Double Dragons: SpaceX launches space station supplies
SpaceX launched a newer, bigger version of its Dragon supply ship to the International Space Station on Sunday, marking the first time the company has two capsules in orbit at the same time.
The Dragon—packed with Christmas treats and presents—should reach the space station on Monday, joining the Dragon that delivered four astronauts last month.
"Dragons everywhere you look," said Kenny Todd, NASA's deputy space station program manager.
With NASA's commercial crew program officially under way, SpaceX expects to always have at least one Dragon capsule at the space station.
SpaceX's Falcon 9 rocket blasted off with the latest Dragon from NASA's Kennedy Space Center, where coronavirus precautions kept staff to a minimum. The first-stage booster—making its fourth flight—landed on an ocean platform several minutes after the late-morning liftoff. It was first used back in May for the first astronaut launch by Elon Musk's company.
The 6,400-pound (2,900-kilogram) shipment includes billions of microbes and crushed asteroid samples for a biomining study, a new medical device to provide rapid blood test results for astronauts in space, and a privately owned and operated chamber to move experiments as big as refrigerators outside the orbiting lab. Forty mice also are flying for bone and eye studies, two areas of weaknesses for astronauts during long space stays.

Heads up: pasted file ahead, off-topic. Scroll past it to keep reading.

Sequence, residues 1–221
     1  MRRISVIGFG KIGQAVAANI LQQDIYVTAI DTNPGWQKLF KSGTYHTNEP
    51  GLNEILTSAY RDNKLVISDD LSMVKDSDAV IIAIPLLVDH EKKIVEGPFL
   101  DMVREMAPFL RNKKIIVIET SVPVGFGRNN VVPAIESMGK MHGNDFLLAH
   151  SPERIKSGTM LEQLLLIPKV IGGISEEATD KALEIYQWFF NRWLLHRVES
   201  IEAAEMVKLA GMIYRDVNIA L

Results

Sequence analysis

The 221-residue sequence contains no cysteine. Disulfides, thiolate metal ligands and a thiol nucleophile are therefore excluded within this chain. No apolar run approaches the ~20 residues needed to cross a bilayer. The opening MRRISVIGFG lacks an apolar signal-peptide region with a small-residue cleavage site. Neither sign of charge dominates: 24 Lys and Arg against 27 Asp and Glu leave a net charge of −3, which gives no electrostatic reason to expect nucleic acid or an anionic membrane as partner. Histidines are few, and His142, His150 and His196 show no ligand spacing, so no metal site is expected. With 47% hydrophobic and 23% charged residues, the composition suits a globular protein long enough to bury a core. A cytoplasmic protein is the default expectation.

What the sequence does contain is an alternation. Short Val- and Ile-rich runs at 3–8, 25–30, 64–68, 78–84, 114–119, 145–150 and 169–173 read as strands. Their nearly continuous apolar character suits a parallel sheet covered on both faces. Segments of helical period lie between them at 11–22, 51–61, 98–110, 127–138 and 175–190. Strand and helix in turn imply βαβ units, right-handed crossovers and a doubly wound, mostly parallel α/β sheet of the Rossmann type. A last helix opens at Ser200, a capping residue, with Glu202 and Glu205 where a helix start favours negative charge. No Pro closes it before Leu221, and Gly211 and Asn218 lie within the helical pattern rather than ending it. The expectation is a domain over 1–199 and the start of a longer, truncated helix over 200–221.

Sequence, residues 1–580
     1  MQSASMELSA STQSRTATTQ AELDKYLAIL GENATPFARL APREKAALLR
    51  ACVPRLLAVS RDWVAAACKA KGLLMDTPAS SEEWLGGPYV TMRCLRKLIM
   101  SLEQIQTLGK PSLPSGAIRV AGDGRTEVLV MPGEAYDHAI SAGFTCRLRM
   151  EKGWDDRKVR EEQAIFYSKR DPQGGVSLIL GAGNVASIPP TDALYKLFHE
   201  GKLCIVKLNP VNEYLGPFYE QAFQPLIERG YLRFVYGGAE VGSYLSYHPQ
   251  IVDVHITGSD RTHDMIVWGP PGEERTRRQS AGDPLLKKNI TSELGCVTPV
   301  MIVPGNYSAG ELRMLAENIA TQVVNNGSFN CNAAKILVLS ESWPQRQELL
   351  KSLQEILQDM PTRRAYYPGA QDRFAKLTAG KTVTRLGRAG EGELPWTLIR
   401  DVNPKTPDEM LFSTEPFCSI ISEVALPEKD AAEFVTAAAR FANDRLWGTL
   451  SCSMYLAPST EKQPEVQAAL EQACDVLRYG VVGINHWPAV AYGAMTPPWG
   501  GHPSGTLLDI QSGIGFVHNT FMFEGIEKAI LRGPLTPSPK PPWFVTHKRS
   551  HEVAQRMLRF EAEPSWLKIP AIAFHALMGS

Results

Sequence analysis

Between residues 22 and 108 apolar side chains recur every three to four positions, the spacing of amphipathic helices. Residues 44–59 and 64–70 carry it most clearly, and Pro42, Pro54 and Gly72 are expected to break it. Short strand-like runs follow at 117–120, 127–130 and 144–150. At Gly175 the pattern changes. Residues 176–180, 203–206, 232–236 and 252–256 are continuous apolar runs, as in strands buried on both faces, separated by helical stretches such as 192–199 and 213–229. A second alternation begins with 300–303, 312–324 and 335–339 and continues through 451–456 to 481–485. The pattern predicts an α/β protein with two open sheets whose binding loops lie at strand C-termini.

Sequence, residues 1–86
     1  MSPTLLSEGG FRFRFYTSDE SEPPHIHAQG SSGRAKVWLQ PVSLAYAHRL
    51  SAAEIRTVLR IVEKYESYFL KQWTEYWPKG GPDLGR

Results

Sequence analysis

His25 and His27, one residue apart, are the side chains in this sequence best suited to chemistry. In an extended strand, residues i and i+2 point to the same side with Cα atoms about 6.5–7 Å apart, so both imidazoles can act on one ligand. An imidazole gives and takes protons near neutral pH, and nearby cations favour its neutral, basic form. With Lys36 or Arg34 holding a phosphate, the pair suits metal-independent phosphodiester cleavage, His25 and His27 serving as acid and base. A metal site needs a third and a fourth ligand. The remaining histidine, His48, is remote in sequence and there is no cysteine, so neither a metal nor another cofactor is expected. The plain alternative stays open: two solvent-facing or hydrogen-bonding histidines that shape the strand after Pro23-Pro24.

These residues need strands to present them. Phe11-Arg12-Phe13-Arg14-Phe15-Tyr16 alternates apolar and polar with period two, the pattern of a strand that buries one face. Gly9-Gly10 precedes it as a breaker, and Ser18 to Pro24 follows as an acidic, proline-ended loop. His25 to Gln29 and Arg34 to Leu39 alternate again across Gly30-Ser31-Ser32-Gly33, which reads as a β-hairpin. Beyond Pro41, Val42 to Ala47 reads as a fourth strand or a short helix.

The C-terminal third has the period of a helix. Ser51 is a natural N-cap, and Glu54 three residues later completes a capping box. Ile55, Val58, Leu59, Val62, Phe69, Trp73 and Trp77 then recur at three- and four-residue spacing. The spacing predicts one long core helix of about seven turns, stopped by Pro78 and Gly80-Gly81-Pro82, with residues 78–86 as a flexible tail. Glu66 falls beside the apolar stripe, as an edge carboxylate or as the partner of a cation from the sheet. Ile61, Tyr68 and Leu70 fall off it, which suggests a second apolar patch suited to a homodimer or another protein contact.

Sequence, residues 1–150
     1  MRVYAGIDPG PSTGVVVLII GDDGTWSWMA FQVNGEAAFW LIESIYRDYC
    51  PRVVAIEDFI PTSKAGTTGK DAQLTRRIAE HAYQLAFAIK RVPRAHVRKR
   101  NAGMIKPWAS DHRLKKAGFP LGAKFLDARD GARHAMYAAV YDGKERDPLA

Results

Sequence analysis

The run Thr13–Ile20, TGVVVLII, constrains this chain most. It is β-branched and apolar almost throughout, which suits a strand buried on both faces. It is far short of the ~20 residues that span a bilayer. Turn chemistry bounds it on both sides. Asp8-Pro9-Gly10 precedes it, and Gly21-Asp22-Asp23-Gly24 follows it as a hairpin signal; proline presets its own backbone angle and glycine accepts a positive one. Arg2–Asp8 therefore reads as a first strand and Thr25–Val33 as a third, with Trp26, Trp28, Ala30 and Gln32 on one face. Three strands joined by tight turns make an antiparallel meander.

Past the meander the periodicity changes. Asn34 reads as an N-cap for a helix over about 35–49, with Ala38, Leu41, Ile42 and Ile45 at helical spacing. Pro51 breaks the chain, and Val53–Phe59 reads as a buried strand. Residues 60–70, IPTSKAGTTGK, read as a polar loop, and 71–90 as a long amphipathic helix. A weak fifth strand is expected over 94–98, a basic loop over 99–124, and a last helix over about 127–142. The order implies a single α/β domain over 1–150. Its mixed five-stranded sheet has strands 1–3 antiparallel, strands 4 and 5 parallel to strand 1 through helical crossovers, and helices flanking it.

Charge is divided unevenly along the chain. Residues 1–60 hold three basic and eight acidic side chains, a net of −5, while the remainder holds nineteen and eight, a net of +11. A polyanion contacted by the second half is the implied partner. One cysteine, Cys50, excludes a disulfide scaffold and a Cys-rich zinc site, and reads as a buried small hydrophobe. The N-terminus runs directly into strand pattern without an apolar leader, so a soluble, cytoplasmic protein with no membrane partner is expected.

Todd said all this research is "the ultimate Christmas present" for NASA astronaut Kate Rubins, a virus hunter who performed the first DNA sequencing in space a few years ago.
As for more personal presents for the four Americans, two Russians and one Japanese on board, "I don't like to get out in front of Santa Claus. I fear it might mess up my own Christmas," Todd said late last week. "Let's see what happens when they open the hatch ... I'm optimistic."
For the astronauts' Christmas feast, the Dragon is carrying roasted turkey, cornbread dressing, cranberry sauce, shortbread cookies and tubes of icing.
The station crew watched a live broadcast of the launch, from 250 miles (400 kilometers) up.
This updated cargo-carrying model—as large as the SpaceX crew capsule—will dock to the orbiting lab by itself. Previous SpaceX cargo ships needed the station's robot arm for anchoring.
The capsule will remain at the space station for about a month as usual before undocking with experiments and old equipment, and splashing into the Atlantic. That's another change from SpaceX's older cargo ships, which parachuted into the Pacific. Returning closer to Cape Canaveral will save recycling time.
This is SpaceX's 21st station supply run for NASA since 2012. The flight was delayed a day by rough weather in the booster-recovery area offshore. This was the 68th successful booster landing by SpaceX.
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